UBC Undergraduate Research

An investigation into the use of cob and/or straw bale construction in non-residential buildings Rezaiean-Asel, Armin; Lee, Joey; Lee, Kenneth; Nerpio, Justin

Abstract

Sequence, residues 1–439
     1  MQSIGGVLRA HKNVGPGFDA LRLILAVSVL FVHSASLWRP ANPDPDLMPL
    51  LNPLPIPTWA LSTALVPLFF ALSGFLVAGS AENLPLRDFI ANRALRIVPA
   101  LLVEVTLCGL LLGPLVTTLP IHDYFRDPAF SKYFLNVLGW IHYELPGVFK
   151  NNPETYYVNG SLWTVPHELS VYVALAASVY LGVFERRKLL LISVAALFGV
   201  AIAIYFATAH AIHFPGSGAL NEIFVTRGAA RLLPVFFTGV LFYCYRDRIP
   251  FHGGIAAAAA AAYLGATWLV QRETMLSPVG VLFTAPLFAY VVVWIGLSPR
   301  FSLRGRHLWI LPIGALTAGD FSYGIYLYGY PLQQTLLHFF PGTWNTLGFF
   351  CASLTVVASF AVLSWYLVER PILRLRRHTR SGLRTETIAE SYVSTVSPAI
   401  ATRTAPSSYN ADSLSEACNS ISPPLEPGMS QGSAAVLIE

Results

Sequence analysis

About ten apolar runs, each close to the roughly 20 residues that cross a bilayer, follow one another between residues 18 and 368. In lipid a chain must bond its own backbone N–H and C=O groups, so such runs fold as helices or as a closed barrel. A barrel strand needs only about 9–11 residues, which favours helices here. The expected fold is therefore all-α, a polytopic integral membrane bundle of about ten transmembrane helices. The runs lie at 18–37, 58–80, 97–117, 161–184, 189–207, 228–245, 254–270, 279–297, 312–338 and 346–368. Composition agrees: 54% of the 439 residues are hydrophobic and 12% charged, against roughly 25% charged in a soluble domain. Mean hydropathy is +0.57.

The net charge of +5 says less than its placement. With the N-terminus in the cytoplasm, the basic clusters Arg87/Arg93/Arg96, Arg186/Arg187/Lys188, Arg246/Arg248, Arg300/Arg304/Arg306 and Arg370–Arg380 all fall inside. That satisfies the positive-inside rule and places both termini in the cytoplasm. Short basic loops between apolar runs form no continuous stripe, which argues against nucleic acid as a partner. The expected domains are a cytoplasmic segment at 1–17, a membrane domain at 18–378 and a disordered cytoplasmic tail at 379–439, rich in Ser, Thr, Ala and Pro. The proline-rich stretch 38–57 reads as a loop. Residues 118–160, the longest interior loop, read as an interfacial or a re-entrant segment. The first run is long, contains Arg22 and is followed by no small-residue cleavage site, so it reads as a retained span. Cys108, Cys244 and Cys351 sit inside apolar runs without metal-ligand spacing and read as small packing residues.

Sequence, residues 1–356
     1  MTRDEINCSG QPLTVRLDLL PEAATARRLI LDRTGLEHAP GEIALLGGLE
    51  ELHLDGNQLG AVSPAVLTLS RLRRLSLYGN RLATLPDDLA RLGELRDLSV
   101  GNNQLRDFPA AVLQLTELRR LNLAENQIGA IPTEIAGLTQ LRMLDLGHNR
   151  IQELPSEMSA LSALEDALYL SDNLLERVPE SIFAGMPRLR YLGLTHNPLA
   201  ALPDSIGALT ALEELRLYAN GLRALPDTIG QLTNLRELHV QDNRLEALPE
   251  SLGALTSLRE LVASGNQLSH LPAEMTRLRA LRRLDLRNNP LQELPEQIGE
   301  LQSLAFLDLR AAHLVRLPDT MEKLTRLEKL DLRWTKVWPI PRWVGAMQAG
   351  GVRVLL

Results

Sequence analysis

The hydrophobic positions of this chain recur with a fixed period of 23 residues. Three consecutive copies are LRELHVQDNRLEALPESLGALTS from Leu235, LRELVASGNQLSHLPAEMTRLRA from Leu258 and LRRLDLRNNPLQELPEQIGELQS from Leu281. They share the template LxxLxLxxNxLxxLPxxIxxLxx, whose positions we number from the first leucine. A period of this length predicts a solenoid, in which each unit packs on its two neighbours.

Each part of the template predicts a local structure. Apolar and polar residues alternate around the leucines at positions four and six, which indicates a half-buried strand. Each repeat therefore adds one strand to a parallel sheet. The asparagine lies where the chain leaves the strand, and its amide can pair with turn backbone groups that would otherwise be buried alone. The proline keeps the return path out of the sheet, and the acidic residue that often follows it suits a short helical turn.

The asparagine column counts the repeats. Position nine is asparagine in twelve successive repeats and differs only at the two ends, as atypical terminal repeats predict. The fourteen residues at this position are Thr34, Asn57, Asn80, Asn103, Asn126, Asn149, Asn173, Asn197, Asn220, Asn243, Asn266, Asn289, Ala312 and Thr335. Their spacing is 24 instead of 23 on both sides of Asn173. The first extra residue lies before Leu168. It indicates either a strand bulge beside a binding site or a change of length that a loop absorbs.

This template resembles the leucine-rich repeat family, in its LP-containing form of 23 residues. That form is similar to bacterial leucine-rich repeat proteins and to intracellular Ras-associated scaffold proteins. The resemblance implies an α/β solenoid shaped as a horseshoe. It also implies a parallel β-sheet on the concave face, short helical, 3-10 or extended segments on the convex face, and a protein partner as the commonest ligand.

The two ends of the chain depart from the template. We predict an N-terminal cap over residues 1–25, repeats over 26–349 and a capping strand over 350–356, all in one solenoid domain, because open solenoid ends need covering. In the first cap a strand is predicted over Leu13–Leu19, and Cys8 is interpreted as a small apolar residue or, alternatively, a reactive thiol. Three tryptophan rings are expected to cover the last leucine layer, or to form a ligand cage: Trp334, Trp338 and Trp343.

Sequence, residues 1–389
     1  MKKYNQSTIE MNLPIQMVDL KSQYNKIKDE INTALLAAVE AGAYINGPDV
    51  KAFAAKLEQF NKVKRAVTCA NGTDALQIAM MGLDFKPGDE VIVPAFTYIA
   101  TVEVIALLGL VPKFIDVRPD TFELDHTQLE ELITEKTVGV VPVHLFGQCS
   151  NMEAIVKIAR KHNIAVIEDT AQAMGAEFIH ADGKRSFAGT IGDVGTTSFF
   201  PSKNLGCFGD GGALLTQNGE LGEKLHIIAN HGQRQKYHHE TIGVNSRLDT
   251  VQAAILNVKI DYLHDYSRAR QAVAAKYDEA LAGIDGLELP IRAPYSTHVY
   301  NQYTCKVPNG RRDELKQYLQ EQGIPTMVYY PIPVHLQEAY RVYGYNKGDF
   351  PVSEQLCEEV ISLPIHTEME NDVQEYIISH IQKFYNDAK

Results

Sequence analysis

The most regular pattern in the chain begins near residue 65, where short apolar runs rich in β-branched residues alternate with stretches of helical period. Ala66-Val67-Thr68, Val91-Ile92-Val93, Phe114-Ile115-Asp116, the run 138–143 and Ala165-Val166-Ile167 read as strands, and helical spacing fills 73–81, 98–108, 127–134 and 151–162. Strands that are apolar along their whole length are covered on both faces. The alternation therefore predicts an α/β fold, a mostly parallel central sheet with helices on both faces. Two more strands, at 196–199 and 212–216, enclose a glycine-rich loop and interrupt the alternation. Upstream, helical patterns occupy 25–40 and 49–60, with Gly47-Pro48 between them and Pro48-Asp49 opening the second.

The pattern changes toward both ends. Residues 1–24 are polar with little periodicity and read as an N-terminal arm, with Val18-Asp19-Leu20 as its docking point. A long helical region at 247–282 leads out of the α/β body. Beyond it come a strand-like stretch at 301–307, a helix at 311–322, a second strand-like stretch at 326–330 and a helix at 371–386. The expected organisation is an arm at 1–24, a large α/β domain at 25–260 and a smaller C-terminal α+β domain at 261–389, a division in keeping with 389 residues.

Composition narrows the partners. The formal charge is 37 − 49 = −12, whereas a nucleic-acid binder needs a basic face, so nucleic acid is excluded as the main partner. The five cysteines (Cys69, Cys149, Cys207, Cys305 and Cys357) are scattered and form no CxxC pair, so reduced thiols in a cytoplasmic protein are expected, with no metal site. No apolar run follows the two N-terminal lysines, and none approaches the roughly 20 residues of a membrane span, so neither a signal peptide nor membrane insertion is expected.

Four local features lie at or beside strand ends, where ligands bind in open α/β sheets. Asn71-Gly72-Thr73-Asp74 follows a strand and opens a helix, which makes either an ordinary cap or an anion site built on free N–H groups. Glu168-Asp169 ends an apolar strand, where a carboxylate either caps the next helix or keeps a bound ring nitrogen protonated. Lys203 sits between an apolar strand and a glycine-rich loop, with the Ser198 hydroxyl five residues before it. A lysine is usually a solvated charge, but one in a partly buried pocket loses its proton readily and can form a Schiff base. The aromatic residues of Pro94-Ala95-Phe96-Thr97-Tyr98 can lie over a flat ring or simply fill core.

The University of British Columbia (UBC) Farm regularly offers a variety of activities, learning experiences, and general community programs on its land and is therefore planning to construct a new “UBC Farm Centre” in order to meet the needs for additional space. The farm has decided to explore the possibility of building either a portion of the building, or the entire building, with cob and/or straw. In addition to conducting a triple-bottom line assessment, an analysis of three separate case studies was done to examine the successes and failures of previous cob and straw bale construction projects, before outlining findings from primary and secondary research. Primary research was conducted in the form of a survey that polled the views of over 200 individuals regarding certain questions that arose in the social consideration of cob and/or straw bale construction, discussed in more detail in section 5.0 of this report. As for secondary research, a number of academic journals and scientific reports were consulted when researching the benefits and drawbacks of using these alternative construction materials in the UBC Farm’s construction project. It was assumed that the cob and straw materials would be coming from a source near UBC and that the Farm would not be seeking cob or straw from any location outside of British Columbia. Another constraint that arose was that two of the case studies are of lodges, rather than purely non-residential buildings. The building principles involved in designing the infrastructures described in the case study section are similar to those that will apply to the UBC Farm Centre, due to size and purpose of the buildings. After the research was conducted and correlated, it became clear that both materials possessed a variety of environmental benefits versus traditional construction materials of wood and cement. They also proved to be more economically feasible, despite shorter life cycle than traditional construction materials, and provided positive social impact. Each material had its own strengths in terms of heat distribution, insulation, and other factors that will be mentioned in more detail throughout the report, but the final conclusion was to use straw bale for the exterior portion of the building while utilizing cob for the interior. Disclaimer: “UBC SEEDS provides students with the opportunity to share the findings of their studies, as well as their opinions, conclusions and recommendations with the UBC community. The reader should bear in mind that this is a student project/report and is not an official document of UBC. Furthermore readers should bear in mind that these reports may not reflect the current status of activities at UBC. We urge you to contact the research persons mentioned in a report or the SEEDS Coordinator about the current status of the subject matter of a project/report.”

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